Airport reinforces its security system with biometric readers and contactless smart cards



HID Global, Irvine, CA, USA


AICM and access control

As a tour ist and commercial gateway to the country, the International Airport of Mexico City (AICM) plays a vital role in the development of Mexico’s economy, ensuring the prosperity and global accessibility of this burgeoning nation.

The AICM is Latin America’s busiest airport, and one of the world’s 30 most active airports in terms of passengers, operations and cargo. Located six miles east of Mexico City, the airport is Mexico’s primary international and domestic hub, with direct flights to more than 300 worldwide destinations. The airport boasts an  impressive array of modern facilities including restaurants, shops, hotel reservation desks, tourist information, ATMs, banks, foreign exchange, business facilities and a post office.

Further increasing the complexity of the AICM’s operation, the airport is undergoing major construction work, including building new concourses and a new terminal (Terminal 2). Once built, the new facilities are expected to increase airport passenger capacity by nearly 50 per cent. This will enable the airport to handle an additional 16 million passengers per year, up from the current 32 million travelers who pass through.

But with all this activity, the issue of access control is a key consideration. With nearly 340,000 flights in a year, and about 20,000 staff on site, the AICM has significant access control requirements. As a regional leader, the AICM turned to HID Global, a leading manufacturer in the access control industry, to help address its needs.

Layers of security

Preventing terrorist attacks and protecting the domestic and global transportation network, transportation security is a critical mission for any airport. One way airports have effectively provided traveler security is by setting up security layers to protect airline passengers. The layers include security measures like airport checkpoints, canine searches, air marshals, luggage inspection and explosive material detection. Each layer of protection, on its own, is capable of preventing terrorist attacks; together, the layers’ security value is exponentially higher, creating a much stronger overall security system. Another omnipresent layer of airport security is access control. Controlling access to key airport functions is a critical security task. Given the size, amenities and complexity of the AICM, controlling access to areas can be a huge task.

Access control needs

When it was time for the AICM to consider a system upgrade, Manager of Airport Identification, Enrique De la Mora, a member of AICM’s security staff, worked with integrator Ernesto Ibarra from IR Systems S.A. de C.V. to define the scope of AICM’s access control needs. In evaluating various offerings, the airport’s security was dependent on the following considerations: Size and Complexity: With AICM’s size, amenities and complexity, controlling access to restricted areas would be a massive undertaking.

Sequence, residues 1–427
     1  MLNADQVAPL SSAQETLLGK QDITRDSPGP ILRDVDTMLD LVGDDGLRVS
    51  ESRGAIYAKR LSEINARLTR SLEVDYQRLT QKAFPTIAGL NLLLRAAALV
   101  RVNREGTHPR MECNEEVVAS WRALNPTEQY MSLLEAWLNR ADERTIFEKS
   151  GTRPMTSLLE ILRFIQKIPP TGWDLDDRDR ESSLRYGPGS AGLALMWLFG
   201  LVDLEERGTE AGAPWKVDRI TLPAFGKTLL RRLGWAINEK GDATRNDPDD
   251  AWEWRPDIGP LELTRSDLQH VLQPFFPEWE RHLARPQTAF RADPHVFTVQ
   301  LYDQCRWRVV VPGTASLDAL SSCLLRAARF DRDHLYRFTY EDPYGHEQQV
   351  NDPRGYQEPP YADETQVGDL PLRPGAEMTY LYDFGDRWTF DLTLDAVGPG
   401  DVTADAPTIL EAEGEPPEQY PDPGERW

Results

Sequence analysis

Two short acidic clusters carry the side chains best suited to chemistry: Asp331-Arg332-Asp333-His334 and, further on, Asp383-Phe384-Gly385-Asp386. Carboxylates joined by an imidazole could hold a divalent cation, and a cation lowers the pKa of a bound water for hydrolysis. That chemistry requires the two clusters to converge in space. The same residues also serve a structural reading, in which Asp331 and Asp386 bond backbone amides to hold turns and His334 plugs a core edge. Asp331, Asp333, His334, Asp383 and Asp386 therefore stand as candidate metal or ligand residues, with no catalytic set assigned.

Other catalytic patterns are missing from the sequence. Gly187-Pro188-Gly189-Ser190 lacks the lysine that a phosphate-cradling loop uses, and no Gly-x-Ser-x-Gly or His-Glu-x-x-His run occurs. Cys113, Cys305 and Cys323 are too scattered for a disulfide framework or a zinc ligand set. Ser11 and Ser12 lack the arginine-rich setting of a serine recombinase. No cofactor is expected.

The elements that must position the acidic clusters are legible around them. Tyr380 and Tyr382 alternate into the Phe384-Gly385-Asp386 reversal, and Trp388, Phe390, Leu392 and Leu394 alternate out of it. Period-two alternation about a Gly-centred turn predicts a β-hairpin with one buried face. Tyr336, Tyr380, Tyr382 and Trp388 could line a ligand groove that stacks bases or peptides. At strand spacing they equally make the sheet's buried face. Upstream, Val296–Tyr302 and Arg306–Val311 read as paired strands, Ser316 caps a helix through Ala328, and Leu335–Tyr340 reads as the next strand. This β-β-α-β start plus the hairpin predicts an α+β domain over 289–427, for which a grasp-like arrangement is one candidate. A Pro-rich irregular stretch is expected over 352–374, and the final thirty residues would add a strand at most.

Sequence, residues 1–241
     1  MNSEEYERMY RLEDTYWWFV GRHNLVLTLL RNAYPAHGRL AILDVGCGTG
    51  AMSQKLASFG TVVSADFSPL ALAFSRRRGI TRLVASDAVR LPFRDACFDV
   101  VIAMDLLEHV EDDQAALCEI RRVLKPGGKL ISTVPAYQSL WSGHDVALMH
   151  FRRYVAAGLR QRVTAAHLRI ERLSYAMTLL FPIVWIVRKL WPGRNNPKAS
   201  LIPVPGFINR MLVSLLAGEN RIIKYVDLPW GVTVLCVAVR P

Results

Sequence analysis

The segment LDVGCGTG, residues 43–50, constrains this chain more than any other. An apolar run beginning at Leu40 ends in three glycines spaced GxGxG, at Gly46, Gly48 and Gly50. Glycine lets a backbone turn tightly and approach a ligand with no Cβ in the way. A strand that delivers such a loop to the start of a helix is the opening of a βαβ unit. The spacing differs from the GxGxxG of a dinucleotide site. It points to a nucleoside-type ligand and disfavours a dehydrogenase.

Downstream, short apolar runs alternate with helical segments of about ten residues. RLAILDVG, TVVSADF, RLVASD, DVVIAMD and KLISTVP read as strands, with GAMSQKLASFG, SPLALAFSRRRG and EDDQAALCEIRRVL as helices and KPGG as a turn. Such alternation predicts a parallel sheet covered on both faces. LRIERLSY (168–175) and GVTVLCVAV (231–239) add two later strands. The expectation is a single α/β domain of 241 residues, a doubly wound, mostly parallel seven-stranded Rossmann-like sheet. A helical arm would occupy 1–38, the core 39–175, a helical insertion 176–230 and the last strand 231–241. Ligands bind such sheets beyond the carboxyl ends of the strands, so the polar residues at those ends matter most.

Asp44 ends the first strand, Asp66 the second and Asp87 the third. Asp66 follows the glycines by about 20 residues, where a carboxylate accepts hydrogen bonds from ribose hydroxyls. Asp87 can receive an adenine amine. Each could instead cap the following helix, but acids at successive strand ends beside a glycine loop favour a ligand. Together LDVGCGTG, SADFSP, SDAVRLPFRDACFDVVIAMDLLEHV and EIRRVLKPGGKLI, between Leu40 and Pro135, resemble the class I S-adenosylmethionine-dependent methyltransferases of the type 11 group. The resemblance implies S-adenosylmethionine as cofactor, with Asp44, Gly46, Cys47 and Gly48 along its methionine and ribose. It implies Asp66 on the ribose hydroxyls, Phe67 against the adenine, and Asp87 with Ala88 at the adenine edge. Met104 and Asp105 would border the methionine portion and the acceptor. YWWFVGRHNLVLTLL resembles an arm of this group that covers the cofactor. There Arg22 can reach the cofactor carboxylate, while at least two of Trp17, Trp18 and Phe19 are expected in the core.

Multi-factor Authentication: Concerned with vandalism and identity theft, the airport identified that it would need some type of multi-factor authentication to maintain strict access control to restricted areas like VIP rooms and operations areas. AICM management had to ensure that the ‘right’ people would get in, but the ‘wrong’ people would be kept out.  Secure Credentials: Significant authentication capabilities were needed at the credential level. The credentials chosen by the airport would need to be counterfeit-proof, ensuring the integrity of the card issuance process.

Scalable Solution: Credential issuance would also need to be a fluid, yet secure, process. The credential issuance procedure would have to be scalable to address new locations and employee status. With the expected opening of a new terminal, AICM management wanted to ensure that it would only need to provide badges for each employee once, for all facilities.

Latest Technology: De la Mora and AICM were ready to upgrade to the latest technology. “We have been using an integrated 125 kHz proximity-based access control system, powered by HID cards and readers, since 1998. The AICM decided the time and needs were right to move ahead to the most advanced, best-of-class system,” commented De la Mora. Having determined those needs and rationale, the AICM turned to HID Global for its innovative applications of technology and  expertise. To address its missioncritical requirements, AICM management determined that cards and readers from HID Global were the right solution.

The new solution in place

Based on its scope evaluation and previous experience with HID Global products, AICM felt secure in purchasing access control hardware. AICM set up a new access control system based around the V-Smart iCLASS access control readers and 16k bit (2k Byte) contactless smart cards.

The equipment, supplied by Bioscrypt and HID, requires biometric authentication in addition to identity verification for card carriers to gain access to restricted areas. The fingerprint readers include HID iCLASS® 13.56 MHz read/write contactless smart card technology, to manage access to restricted sites within the airport, like VIP rooms and operations areas.

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